This is “socialism” a la Margaret Thatcher—“ruthlessly” balancing the books in defence of capitalism and through continuing the savage cuts already imposed by successive Labour and Tory governments since the 2008 financial crash.
McDonnell and Corbyn have already signalled that they will oppose any attempts to halt the huge cuts being carried out on behalf of central government by the hundreds of mainly Labour-run councils throughout Britain. In December, they issued a letter instructing Labour councils to abide by the law and impose austerity measures demanded by the Conservatives. Citing the 1992 Local Government Act’s stipulation that councils must set a balanced budget, the letter insisted that councils setting an “illegal budget” as a response to local government cuts is not an option. With this, Corbyn’s Labour Party commits to imposing at least another £9.5 billion cuts planned by 2020.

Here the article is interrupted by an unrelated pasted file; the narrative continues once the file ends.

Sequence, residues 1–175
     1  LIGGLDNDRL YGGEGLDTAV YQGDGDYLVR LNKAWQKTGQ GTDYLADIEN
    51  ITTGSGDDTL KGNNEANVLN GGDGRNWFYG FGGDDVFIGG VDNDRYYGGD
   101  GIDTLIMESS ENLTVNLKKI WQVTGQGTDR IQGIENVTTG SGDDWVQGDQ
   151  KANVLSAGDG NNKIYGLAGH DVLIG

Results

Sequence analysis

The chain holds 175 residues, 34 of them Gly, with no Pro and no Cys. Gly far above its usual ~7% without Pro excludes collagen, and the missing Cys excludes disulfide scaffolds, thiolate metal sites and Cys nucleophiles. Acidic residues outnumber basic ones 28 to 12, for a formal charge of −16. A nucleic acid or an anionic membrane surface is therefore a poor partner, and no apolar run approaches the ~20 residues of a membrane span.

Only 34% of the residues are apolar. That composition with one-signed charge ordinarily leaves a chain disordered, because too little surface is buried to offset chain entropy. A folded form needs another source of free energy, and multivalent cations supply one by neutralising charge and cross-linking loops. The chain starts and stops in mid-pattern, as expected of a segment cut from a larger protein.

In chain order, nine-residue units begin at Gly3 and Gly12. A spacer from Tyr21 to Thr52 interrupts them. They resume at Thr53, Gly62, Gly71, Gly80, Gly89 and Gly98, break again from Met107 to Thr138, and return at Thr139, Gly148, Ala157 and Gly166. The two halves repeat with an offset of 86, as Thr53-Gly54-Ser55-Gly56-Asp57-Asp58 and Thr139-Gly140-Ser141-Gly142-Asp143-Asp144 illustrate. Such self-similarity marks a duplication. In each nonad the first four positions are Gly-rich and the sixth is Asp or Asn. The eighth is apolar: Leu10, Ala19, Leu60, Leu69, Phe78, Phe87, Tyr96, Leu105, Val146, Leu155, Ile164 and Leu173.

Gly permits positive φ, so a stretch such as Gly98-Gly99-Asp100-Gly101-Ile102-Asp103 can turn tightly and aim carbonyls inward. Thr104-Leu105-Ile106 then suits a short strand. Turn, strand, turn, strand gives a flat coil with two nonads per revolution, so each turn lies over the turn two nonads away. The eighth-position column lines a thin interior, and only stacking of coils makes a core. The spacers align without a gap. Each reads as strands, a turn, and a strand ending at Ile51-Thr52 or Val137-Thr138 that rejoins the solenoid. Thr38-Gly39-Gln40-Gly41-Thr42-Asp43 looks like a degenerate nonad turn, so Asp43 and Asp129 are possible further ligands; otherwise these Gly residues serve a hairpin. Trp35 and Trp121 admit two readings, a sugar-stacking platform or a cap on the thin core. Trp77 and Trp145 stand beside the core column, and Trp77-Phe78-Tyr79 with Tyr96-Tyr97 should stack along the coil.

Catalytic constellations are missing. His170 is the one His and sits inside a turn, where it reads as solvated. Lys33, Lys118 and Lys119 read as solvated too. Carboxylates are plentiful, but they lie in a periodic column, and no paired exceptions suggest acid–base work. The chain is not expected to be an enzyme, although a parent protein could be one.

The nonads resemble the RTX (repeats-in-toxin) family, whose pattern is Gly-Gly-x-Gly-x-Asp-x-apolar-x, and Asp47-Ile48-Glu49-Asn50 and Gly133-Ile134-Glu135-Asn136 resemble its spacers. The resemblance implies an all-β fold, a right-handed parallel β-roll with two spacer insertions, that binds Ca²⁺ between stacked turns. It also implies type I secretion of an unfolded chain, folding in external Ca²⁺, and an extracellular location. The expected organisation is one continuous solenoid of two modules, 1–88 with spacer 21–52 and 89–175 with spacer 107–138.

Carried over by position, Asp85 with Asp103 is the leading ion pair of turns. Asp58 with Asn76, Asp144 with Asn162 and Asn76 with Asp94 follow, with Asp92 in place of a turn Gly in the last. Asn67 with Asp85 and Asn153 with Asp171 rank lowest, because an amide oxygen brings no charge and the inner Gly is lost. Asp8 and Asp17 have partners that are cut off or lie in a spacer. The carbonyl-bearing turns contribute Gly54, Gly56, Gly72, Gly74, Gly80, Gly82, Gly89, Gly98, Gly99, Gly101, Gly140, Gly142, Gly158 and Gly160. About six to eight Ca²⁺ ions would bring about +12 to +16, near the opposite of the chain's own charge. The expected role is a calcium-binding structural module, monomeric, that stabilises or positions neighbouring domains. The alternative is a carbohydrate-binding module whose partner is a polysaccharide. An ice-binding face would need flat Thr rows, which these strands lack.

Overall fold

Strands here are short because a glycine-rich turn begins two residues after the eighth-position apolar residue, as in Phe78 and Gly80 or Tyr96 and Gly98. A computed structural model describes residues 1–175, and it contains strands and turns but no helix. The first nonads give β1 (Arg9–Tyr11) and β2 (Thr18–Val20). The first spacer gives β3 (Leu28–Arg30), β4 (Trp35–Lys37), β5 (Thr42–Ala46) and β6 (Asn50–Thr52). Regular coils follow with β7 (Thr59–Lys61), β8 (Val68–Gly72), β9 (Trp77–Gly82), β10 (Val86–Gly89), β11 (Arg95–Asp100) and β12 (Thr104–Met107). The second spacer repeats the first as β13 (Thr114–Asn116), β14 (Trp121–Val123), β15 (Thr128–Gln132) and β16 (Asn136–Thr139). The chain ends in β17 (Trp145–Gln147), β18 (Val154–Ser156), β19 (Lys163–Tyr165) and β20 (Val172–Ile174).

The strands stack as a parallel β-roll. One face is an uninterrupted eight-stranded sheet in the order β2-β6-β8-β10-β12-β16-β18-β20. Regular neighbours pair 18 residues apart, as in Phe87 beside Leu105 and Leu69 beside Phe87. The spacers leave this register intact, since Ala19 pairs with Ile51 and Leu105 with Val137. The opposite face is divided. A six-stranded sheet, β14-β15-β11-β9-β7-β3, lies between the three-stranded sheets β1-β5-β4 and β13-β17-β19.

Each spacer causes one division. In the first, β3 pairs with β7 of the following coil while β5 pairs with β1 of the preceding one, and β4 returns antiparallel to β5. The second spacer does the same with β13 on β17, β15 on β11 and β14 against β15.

Summing up the right-wing content of McDonnell’s announcements in recent days, Independent columnist John Rentoul defined him as “the new voice of fiscal responsibility”:
“Here is John McDonnell, who ran Jeremy Corbyn’s leadership campaign on a platform of fighting not just austerity but capitalism, announcing a more fiscally restrictive policy than [Tony Blair’s] New Labour.”
Under Conservaties or Labour, the austerity programme already imposed since 2008 will be dwarfed due to the deteriorating state of the British economy.
This week the Financial Times described the UK’s budget deficit as a “growing black hole.” It warned, “The official size of the UK economy in 2015 was 1 percent smaller than the £1,882 billion that the Office for Budget Responsibility predicted only three months ago.”
A shortfall in tax receipts will persist for the rest of the decade, said the FT, and could derail the “surplus in the public finances that had been expected by the end of the decade.”
Other estimates are substantially bleaker with accountancy firm PricewaterhouseCoopers warning that a slowing economy could result in further government borrowing of nearly £50 billion over the course of the parliament.
Previous overly optimistic predictions of UK economic growth factored in a growth in real wages, which saw an upturn of 3.4 percent by last summer, after years of flatlining or decline. Wage growth has since declined to nearer 2 percent and according to one survey published last week, real wage levels will be stagnant for at least the next few years.